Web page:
Machine vision’s use in food inspection can detect and process complexities on multiple fronts. Farmers rely on multispectral imaging and sensing to analyze plant health and food producers have adopted machine vision to address the law’s product tracking and tracing requirements, per the U.S. Food Modernization Act (2011).
Consumers also are influencing the business case for vision-enabled inspections that validate the food’s appearance, quality, and even taste. From the field to the grocery store, machine vision spots the flaws that keep unsafe, unappealing food off the supermarket shelves.
Pixelteq (Largo, Florida) recognized a desire from its customers to combine imaging and spectroscopy for food inspection and created snapshot camera that produces a 2D image of an object through multiple spectral bands.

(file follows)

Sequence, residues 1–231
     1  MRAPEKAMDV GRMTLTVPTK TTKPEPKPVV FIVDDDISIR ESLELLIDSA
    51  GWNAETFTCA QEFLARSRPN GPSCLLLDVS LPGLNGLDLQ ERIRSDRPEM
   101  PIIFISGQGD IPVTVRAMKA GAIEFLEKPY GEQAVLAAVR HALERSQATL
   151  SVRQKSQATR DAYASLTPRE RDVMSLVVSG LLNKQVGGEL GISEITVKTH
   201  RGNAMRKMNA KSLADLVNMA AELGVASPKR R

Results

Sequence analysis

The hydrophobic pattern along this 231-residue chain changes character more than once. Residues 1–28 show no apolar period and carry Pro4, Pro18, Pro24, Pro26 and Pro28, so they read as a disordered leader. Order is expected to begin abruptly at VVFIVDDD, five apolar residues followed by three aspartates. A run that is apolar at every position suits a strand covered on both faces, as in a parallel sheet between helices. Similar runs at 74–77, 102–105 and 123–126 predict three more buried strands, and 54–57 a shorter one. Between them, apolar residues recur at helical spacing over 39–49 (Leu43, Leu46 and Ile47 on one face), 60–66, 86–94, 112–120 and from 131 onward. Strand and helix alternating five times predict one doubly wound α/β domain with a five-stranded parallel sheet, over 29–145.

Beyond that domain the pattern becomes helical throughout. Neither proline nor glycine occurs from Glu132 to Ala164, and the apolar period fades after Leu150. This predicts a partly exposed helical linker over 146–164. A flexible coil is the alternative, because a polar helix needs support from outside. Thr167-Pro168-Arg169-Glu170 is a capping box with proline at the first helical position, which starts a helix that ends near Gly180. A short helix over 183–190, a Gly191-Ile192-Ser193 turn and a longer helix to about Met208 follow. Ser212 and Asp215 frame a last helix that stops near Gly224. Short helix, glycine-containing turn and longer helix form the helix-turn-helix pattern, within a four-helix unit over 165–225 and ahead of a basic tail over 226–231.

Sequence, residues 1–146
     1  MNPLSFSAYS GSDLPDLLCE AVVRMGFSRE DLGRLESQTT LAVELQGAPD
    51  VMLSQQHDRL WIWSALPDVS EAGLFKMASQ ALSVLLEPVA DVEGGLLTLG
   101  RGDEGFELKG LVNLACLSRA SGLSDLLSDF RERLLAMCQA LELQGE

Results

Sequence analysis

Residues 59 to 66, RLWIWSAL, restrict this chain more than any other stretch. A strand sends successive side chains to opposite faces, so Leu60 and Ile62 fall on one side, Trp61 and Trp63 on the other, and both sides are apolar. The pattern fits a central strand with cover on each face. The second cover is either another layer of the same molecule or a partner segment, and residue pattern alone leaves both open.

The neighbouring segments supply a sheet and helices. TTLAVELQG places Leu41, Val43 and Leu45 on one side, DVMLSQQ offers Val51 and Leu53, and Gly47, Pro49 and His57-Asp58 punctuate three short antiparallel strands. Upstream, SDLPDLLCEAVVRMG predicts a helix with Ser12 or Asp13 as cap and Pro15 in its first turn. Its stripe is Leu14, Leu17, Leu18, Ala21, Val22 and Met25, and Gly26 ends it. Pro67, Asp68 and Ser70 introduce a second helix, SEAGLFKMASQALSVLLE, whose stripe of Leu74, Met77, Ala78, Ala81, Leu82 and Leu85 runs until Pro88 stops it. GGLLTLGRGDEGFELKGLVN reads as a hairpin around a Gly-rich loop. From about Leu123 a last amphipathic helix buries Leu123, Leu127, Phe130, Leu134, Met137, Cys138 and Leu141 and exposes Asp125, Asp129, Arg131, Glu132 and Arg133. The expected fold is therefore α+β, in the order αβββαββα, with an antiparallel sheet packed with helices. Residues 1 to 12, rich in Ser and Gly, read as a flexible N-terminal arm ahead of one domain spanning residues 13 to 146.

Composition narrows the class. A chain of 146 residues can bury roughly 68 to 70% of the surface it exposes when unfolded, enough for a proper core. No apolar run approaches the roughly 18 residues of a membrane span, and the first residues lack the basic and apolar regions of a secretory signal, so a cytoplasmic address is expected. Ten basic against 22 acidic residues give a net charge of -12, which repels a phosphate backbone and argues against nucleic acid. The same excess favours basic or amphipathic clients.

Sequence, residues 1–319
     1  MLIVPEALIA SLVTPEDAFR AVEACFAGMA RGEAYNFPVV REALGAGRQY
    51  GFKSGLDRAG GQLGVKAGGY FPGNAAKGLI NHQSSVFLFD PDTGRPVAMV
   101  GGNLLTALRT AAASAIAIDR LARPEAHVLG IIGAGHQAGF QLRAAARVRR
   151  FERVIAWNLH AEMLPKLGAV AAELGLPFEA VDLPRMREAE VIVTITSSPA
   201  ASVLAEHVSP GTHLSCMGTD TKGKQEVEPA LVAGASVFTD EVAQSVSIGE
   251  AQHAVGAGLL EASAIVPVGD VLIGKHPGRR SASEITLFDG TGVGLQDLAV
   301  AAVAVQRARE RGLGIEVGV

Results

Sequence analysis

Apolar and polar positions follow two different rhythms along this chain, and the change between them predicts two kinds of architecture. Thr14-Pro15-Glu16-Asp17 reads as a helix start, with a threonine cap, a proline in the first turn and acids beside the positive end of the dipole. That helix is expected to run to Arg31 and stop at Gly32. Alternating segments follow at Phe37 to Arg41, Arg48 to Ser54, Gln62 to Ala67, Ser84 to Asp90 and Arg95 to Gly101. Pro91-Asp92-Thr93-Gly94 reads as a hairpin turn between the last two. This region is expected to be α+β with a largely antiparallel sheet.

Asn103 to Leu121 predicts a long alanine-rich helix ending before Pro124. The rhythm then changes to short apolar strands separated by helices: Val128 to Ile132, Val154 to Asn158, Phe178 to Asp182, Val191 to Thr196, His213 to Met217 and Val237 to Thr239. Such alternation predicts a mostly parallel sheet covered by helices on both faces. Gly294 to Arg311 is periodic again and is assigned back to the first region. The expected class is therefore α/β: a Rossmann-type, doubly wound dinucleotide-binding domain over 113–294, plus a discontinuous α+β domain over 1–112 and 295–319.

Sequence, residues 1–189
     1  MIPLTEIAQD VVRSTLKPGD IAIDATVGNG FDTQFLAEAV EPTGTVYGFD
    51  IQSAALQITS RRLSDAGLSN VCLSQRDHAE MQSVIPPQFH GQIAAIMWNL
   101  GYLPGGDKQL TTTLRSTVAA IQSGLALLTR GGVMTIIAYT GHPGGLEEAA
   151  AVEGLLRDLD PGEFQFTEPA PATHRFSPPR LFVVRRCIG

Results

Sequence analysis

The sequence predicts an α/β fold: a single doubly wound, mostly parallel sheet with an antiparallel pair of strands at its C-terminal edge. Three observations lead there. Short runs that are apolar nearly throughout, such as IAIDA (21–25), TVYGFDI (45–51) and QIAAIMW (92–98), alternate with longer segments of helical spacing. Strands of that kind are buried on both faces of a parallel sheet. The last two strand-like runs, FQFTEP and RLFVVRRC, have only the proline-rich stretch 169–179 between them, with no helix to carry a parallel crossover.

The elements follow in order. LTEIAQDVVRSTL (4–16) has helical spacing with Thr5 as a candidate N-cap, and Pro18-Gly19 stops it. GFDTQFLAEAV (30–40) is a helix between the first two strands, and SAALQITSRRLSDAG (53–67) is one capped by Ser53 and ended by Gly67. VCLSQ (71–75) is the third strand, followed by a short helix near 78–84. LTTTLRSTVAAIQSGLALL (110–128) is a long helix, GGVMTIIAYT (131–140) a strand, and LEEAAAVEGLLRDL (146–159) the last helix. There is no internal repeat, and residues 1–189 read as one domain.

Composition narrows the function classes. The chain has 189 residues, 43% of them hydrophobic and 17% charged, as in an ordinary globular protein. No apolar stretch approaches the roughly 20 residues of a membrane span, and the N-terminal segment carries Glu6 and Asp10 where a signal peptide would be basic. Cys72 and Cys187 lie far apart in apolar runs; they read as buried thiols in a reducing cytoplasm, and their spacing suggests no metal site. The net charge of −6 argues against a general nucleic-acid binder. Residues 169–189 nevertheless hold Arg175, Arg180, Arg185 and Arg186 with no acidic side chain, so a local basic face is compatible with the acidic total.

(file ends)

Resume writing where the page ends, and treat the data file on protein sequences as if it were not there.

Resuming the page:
Because food is a resource with many natural variations, multispectral imaging is ideal for detecting these disparities that RGB or monochrome cameras cannot.
Food producers are adopting multispectral imaging across the entire supply chain. Particularly as camera sizes continue to shrink, more unmanned aerial vehicles (UAVs) are equipped with multispectral imaging for precision agriculture to review crop stress or lack of water or nutrients.
Multispectral imaging also is enabling the food industry to grade the internal quality of fruits by measuring parameters such as acidity and starch levels.
Such high-quality sorting has moved from a nice-to-have option to a requirement given that need to meet strict governmental regulations on tracking and tracing, as well as increasing consumer expectations over how their food is sourced and inspected.
Meat cutting represents another food application where machine vision continues to thrive. Processing facilities are looking for high-speed CMOS imagers compatible with real-time operating systems (RTOS).
>>Read more by Winn Hardin, Vision Online, 10/11/16